Prenatal Checkups & Tests

Glucose Tolerance Test?

My glucose screening test results said my levels were high, and now I have to take a glucose tolerance test. What does that mean?

For the first glucose screening you had, you probably had to drink a sugary-sweet drink and then, and hour later, have your blood drawn. Well, for the glucose tolerance test, it's essentially the same thing, but be sure to clear your schedule — and bring along plenty to read! — because you'll be hanging out at the doctor's office for three hours this time.

The glucose tolerance test is taken on an empty stomach, so your OB will probably ask you to fast about 14 hours beforehand (we recommend making an early morning appointment and skipping breakfast). When you get to the doctor's office or testing facility, you'll have your blood drawn. Then, you'll get another sweet drink (there will be more of it than last time, or it will be more concentrated). Then, at the end of each of the three hours, your blood will be drawn. The idea is to get an accurate picture of how your body processes sugars over time.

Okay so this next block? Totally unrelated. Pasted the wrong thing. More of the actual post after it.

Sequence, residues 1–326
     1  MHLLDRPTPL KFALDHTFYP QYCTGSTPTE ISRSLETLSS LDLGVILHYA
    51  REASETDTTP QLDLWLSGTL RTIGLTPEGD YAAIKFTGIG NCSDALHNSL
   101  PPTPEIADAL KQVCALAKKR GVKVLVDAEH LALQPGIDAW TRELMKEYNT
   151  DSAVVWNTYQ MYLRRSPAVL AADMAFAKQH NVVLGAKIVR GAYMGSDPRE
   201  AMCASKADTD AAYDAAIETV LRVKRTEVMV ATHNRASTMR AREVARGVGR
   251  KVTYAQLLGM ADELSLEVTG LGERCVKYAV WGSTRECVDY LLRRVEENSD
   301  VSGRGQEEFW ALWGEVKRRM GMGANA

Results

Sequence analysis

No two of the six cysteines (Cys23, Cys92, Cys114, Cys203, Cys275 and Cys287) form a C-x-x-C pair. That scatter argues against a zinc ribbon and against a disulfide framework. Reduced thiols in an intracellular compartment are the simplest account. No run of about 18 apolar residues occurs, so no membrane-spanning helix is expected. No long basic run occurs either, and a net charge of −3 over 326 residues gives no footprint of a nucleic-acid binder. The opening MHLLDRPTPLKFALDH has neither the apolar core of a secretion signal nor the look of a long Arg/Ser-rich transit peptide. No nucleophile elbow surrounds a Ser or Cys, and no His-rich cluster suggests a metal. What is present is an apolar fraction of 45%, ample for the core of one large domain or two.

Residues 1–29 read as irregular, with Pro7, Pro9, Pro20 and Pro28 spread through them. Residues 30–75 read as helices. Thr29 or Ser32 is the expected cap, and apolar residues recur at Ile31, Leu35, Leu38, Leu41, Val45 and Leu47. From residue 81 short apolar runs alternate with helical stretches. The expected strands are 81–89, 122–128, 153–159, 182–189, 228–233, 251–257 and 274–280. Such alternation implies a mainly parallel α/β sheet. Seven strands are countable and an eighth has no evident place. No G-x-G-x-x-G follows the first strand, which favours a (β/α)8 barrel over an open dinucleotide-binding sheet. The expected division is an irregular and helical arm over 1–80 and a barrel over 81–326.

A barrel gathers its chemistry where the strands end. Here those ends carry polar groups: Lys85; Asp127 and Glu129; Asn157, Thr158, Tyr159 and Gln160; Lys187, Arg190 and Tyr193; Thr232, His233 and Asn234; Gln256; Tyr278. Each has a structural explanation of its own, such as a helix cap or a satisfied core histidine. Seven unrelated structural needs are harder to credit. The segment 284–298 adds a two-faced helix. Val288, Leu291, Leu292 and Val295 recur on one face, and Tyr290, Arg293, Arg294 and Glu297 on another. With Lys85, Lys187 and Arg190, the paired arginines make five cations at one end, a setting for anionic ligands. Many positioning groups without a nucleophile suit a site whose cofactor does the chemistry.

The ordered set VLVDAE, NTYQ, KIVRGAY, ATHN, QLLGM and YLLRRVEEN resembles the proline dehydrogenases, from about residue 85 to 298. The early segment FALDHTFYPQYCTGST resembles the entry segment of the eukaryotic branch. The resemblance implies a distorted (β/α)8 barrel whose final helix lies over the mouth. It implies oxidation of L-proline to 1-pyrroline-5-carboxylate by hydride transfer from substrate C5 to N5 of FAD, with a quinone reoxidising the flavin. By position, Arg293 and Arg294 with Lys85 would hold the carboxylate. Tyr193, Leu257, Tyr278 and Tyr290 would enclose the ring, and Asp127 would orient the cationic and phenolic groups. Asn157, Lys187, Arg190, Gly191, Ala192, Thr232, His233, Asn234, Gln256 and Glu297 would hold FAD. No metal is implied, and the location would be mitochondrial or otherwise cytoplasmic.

If one of your blood samples reads as abnormal, your OB might advise you to make some changes to your diet, or decide to test you again later. If two or more are abnormal, you'll be diagnosed with gestational diabetes and get information on treating it. But don't freak out about it. Know that gestational diabetes can be managed, and your doctor will watch you and baby closely throughout the rest of your pregnancy.

If you do have gestational diabetes, you might have another glucose tolerance test after baby's born, to determine whether or not you still have diabetes.

Plus, more from The Bump:

Gestational Diabetes Diet and Exercise

When to Break Up With Your OB

Surprising Facts About Prenatal Care Around the World

By The Bump Editors